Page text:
House Members Oppose Online Ad Regulation, for Now

Google didn’t testify at yesterday’s U.S. House Small Business Committee hearing on online advertising, but the company was the star of the discussion anyhow. Among other topics, some committee members expressed concern that the recent search ad deal between Google and Yahoo could prompt a need for government regulation. At this point, however, the committee appears to be hesitant to take a regulatory route.

Search engine advertising dominated the conversation as Representatives listened to Web entrepreneurs and Interactive Advertising Bureau Chief Randall Rothenberg praise the industry that provides them a paycheck. While witnesses touted online advertising, and search engine marketing in particular, Democratic Congressman Charlie Gonzalez suggested more industry regulation may be needed sometime down the road, and indicated Yahoo’s search ad agreement with Google could be an impetus.

“The issue is you may reach a point where there is a problem, but you just don’t have the competition or the players to do anything about remedying the problem,” said Gonzalez in regards to potential monopolies in the online ad industry. Calling competition a good thing, the Texas Representative said the Google-Yahoo deal needs to be explored further by Congress. It has already received some government inspection.

“Do we allow market forces to play out?” Gonzales wondered. “I’m a strong believer in that…up until the point that we feel that there is a disadvantage…and the consumer or the businessperson is no longer on a level playing field or treated fairly.” He also briefly expressed an interest in user tracking as it relates to ad targeting.

Still, Gonzales concluded, “I’m not for regulation at this point.”

Witnesses remained loyal to the online advertising industry. Tim Carter, founder of, touted Google’s popularity. “Just like you want to get reelected,” said Carter to the officials, “[Web users are] electing each day right now that Google for the time being is the winner.” He continued, “I think the consumers are talking to you and speaking to you right now through those statistics.” is a charter member of the IAB’s newly-formed small publisher group. The IAB recently created a separate lower cost membership for small publishers to help build grassroots support against creeping state and federal government intervention in the online ad industry.

Noting 61 percent of the IAB’s members are small businesses making up to $8 million in advertising revenue each, IAB CEO Rothenberg stayed on track with the organization’s recently pronounced focus on deflecting government intervention. “We have a system that ain’t broke at all so I’d be very careful of going across that bridge from research, inspection, exploration, into regulation without very careful scrutiny,” he cautioned.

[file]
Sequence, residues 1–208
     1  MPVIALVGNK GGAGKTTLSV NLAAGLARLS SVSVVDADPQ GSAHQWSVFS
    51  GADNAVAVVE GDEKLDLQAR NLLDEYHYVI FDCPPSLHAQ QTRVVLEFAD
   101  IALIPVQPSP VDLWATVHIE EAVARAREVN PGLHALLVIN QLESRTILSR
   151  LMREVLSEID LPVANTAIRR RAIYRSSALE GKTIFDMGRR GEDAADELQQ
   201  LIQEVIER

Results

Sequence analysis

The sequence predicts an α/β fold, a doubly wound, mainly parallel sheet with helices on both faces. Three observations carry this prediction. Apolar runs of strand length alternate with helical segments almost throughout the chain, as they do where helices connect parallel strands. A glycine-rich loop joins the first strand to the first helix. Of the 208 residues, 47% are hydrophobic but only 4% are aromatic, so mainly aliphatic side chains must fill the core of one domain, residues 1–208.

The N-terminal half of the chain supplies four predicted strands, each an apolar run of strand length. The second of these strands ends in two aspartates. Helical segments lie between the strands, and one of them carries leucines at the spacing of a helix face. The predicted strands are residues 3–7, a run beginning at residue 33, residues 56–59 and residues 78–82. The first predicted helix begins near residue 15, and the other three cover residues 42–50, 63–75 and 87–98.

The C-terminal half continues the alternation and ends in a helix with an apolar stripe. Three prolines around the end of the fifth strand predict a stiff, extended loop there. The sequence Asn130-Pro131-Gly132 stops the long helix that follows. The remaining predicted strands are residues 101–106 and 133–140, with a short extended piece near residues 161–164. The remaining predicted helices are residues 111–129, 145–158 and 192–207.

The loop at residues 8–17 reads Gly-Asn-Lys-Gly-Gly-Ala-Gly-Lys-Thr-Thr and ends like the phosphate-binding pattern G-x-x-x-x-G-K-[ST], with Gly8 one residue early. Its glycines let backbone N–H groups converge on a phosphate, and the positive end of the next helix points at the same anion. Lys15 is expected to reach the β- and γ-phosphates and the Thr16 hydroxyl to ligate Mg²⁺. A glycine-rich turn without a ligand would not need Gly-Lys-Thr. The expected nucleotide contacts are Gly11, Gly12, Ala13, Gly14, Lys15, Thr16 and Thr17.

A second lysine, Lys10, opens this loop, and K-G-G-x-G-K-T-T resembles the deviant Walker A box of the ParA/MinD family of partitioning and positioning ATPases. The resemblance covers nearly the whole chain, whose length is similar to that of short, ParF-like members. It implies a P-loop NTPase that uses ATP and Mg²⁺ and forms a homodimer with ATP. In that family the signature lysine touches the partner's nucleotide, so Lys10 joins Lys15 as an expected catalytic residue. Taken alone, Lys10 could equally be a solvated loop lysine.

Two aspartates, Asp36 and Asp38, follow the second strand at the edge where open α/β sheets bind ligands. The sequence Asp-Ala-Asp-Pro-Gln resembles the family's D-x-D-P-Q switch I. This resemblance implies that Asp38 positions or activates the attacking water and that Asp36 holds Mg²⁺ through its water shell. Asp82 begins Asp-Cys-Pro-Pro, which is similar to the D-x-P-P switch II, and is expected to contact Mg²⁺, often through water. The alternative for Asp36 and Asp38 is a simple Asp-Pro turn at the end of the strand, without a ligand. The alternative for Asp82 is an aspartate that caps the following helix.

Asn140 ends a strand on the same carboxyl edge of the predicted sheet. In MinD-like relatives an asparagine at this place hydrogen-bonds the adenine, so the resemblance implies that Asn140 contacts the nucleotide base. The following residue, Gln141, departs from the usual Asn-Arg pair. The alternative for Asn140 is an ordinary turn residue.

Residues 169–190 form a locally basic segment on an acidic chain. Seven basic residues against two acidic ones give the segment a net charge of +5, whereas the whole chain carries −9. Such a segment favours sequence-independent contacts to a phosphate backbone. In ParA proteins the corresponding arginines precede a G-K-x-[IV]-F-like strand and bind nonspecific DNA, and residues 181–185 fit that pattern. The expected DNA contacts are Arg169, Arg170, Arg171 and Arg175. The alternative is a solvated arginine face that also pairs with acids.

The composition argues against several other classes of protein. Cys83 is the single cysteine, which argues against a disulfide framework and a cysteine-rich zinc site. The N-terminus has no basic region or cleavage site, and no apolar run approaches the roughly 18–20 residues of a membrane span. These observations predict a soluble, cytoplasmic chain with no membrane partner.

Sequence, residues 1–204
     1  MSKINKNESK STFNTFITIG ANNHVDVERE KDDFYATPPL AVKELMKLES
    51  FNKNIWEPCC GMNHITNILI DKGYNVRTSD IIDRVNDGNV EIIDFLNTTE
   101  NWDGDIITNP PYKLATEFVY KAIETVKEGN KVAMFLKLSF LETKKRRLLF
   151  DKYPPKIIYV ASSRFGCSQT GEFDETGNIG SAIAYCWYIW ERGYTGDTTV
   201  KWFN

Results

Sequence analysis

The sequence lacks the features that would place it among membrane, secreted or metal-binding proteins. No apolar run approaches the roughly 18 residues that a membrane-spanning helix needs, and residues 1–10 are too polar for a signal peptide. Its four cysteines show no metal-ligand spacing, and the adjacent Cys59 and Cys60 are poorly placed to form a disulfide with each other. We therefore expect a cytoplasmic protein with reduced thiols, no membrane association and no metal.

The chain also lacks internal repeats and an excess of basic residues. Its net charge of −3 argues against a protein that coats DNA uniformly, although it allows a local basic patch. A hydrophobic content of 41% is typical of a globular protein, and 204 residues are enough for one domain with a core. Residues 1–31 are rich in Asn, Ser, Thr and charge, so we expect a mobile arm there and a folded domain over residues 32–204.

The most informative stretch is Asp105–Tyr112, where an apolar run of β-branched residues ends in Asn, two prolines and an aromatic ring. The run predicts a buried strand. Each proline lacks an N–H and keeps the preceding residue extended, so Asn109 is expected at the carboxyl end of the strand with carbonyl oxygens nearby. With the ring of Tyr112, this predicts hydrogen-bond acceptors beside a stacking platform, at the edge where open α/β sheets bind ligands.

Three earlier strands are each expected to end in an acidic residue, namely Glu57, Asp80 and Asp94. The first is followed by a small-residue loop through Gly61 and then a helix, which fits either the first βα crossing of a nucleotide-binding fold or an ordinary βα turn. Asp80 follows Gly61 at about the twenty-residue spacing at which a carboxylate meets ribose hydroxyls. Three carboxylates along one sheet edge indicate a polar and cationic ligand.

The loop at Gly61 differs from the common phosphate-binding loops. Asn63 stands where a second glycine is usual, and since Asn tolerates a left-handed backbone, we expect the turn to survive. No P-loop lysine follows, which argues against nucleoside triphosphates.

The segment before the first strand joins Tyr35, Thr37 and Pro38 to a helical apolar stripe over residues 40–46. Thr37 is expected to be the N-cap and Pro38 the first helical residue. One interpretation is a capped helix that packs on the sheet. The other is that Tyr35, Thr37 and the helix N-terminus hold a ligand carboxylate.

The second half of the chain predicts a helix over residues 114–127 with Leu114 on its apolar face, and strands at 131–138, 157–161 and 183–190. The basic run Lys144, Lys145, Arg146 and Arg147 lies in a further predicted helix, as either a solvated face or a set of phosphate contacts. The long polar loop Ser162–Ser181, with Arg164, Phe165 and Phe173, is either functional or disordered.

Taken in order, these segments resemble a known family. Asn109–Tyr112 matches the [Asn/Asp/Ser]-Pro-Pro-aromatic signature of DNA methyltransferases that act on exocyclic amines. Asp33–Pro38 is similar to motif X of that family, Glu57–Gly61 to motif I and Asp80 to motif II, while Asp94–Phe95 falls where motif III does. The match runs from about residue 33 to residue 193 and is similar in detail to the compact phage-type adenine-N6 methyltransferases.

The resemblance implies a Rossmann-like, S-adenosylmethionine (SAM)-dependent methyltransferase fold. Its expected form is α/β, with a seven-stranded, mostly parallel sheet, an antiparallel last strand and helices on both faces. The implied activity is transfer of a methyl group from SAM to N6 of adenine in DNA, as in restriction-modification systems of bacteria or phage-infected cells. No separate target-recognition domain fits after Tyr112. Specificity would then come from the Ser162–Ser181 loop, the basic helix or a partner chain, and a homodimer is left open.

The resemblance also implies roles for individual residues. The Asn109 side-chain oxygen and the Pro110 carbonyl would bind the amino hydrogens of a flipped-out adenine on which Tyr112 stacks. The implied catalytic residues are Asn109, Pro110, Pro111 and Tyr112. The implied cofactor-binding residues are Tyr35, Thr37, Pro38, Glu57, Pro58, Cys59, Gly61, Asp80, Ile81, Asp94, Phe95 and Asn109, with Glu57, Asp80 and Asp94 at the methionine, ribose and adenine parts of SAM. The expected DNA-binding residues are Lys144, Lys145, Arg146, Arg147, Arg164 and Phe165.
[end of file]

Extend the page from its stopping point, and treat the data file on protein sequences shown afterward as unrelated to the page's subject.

Gonzales voiced concern about small businesses and their ability to play along with bigger companies on the Web, despite the fact that the Web and online advertising are often lauded as great equalizers, putting small unknowns on the same level as behemoth brands. “Unfortunately not all small firms have been able to capitalize on [online marketing’s] power. Even today many small businesses face significant roadblocks to optimizing their online presence,” he said.

Later in the discussion, witness Rob Snell, co-owner of online retailer dismissed the notion that it’s difficult for advertisers to get online. “That’s a copout,” he said.

Pennsylvania Congressman Jason Altmire, also a Democrat, asked hearing witnesses, “Do you have a fear of the dominance of Google moving forward with regard to search engines?”

Mirroring Carter’s contention, Snell used an analogy to get his point across about Google and its entrance into new business sectors. “It’s kind of like Elvis when he got into the record business; he did such a good job that everybody wanted to buy his records. And then Elvis said, “Hey, I think I’ll get into movies.”

Snell added he doesn’t mind government showing an interest in the industry’s activities. “I sleep well at night knowing that there are so many people watching Google right now,” he said.

Congressman Lynn Westmoreland made no bones about his reluctance to regulate. “If we go into the market right now and start regulating what we may ensure is that Google remains the largest search engine out there because we will…keep other people from getting in it.”

Added the Georgia Republican, with a hint of sarcasm, “I think it would be beneficial for us right now to leave the industry as it is and hope that they just continue to make more and more and more money so they continue to pay us more taxes and give us the ability to do what we do best, which is expand government.”

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